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‘Black Owned Friday’ brings optimism for Tallahassee’s holiday shopping season
TaMaryn Waters, Tallahassee Democrat
Twice as many Black-owned businesses were forced to close this year compared to white-owned businesses as a direct result of the coronavirus pandemic.
However, some local economic experts say 2020 — the year of racial reckoning — may be ripe for “Black Owned Friday” to stop the decline.
LaTanya White, an entrepreneurship instructor at Florida A&M’s School of Business and Industry, predicts Black-owned businesses will see more consumer support.
More and more, the private sector is folding Black businesses, entertainment and products into their economic orbit and showcasing them on their platforms.
For example, the highly anticipated “Oprah’s Favorite Things 2020” is dominated by products from Black businesses and companies run by minorities. Etsy, an ecommerce website for creators of handmade and vintage items, curated a list of Black vendors on its homepage.
White said this change could represent a monumental leap for overall Black wealth, adding it’s important to understand the difference between wealth and income.
“Entrepreneurial wealth is driven by the revenues that come into the business,” White said. “To that end, the more the business generates, the more likely that business’ family is going to be wealthy.”
A July article in the Washington Post reported 26% of Black business owners nationwide closed between February and May, compared with 11% for their white counterparts, a National Bureau of Economic Research paper shows.
The challenge for many Black-owned businesses is affording the economy of scale that would match online giants, such as Amazon or Walmart.
“I literally pay $10 for deodorant so I can get it from a Black-owned business, because they need more revenue to reach the economies of scale to bring the prices down,” White said.
Yet, the “Buying Black” concept is not a new one.
The “Black Owned Friday” movement stems from the reborn Buy Black Movement and has adopted trendy slogans and hashtags in recent years all with the same goal: elevate Black wealth.
White said the spending power of Black consumers is worth $1 trillion but pointed to Amazon’s CEO Jeff Bezos, the richest person on the planet with a net worth of $182.4 billion, as an example of tilted economic wealth.
She hinted at changes, however, sparked by this unprecedented year.
“The summer of civil unrest has really pulled back the steel curtain on how those who have the power with their dollars can close the racial wealth gap,” White said.
There are examples of small Black businesses forging ahead in the face of an unforgiving pandemic.
Tonia Newkirk, and her husband, Rory, own Sole Queen. In 2017, the boutique shoe shop opened in a modest 1,200 square-foot store-front space at Governor’s Square Mall and has since moved twice into largest spaces at the mall.
In October, the store relocated to a 5,000 square-foot store front that allowed Sole Queen to expand its inventory with plus-size clothes and a full accessory line.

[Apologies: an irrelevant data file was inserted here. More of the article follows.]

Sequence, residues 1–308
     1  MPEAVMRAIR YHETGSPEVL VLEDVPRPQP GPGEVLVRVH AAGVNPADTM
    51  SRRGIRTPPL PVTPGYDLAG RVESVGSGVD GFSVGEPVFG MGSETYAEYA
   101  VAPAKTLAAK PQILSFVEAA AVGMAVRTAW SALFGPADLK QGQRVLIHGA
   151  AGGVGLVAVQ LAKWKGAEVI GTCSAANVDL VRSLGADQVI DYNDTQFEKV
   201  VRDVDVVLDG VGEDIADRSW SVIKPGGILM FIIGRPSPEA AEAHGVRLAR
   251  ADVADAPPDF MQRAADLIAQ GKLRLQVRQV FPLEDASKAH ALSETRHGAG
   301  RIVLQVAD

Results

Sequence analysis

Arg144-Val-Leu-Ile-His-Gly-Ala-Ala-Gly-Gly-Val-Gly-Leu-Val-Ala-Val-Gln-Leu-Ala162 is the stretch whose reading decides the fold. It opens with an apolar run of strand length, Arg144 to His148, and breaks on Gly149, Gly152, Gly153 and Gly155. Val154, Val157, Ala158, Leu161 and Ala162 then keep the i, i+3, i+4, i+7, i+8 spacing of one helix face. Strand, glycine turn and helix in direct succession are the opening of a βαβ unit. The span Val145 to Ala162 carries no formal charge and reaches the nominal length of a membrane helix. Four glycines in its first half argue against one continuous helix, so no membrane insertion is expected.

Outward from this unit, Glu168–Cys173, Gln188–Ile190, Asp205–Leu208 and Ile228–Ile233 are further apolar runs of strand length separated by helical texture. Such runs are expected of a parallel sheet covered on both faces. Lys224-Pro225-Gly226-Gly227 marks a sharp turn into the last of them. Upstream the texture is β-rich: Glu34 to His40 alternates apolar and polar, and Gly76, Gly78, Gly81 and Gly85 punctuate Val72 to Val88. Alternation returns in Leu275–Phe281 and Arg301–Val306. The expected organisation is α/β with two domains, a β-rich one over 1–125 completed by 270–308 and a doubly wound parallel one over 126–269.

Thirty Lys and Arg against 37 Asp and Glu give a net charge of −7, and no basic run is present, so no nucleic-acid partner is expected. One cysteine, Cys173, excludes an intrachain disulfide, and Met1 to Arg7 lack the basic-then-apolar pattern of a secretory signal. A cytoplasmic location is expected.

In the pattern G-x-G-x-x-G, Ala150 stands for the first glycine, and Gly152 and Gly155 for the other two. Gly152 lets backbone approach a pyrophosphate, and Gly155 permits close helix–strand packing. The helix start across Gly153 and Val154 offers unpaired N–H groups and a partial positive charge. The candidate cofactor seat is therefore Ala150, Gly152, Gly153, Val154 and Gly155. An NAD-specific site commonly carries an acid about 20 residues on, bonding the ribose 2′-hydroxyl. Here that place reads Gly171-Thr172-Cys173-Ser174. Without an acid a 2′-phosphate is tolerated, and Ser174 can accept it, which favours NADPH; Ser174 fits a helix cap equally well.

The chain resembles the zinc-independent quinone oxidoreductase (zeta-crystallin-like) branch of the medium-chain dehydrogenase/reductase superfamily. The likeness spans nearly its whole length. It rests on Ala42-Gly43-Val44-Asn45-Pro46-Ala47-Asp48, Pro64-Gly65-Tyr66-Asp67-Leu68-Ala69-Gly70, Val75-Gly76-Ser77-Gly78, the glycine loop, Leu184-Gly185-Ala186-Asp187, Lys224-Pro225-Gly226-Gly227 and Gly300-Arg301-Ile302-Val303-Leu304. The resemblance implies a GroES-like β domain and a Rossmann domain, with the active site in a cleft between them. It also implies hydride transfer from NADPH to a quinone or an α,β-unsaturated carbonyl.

To her delight, Newkirk said the pandemic didn’t hinder her store’s sales. She credits the Black Lives Matter movement and growing interest to support Black-owned businesses.
Sole Queen shut down for six week this spring as part of the statewide mandates at the onset of the COVID-19 pandemic. Once opened, her customer base of mostly collegiate and young professionals still made deliberate efforts to patronize the business.
“It’s been steady,” Newkirk said. “We were surprised by the reception of coming back. Even when there were no parties going on, my customers said, ‘We’re still coming because we know we need to support Black businesses.’ ”
Newkirk, a 1993 Florida A&M University graduate, said she’s hoping the holiday season could encourage more diversity in their customer base to support their inventory expansion.
“My husband says, ‘We are party, picnic and brunch,’” she said, in jest. “But we don’t see the other side of the community support. We certainly get the students in, but we would certainly like to see someone my age … Our merchandise caters to a spectrum of women.”
Small businesses are principal employers in every local economy, said Darryl Jones, deputy director of Minority Women & Small Business Enterprise at the Tallahassee-Leon County Office of Economic Vitality.
And in an economic recession, Jones said minority and women-owned businesses are often hit hardest.
“Supporting women and minority-owned businesses, particularly during Black Friday, makes good sense,” Jones said. “It means we keep our neighbors employed. We keep our local businesses thriving, and this particular community really needs that support from their neighbors.”
The Black Owned Friday initiative, Jones said, has grown online and punctuates the idea of creating an economic ripple, including online shopping sparked by safety concerns brought on by the pandemic.
“Particularly, when we’re talking about making Christmas purchases for our children, it’s putting that highlight on minority-owned firms so that the presents that we’re buying for our children can be culturally appropriate and ethnically appropriate,” Jones said.
While White is optimistic about increased revenues likely to come this year for Black businesses, she said the challenge for them will be meeting the demand without compromise the integrity of the product or the customer experience.
“That’s the thing I’m a little bit nervous about,” White said. “When the demand comes, you have to have your systems in place, and you need to be ready. You can lose the customer as easily as you gain them.”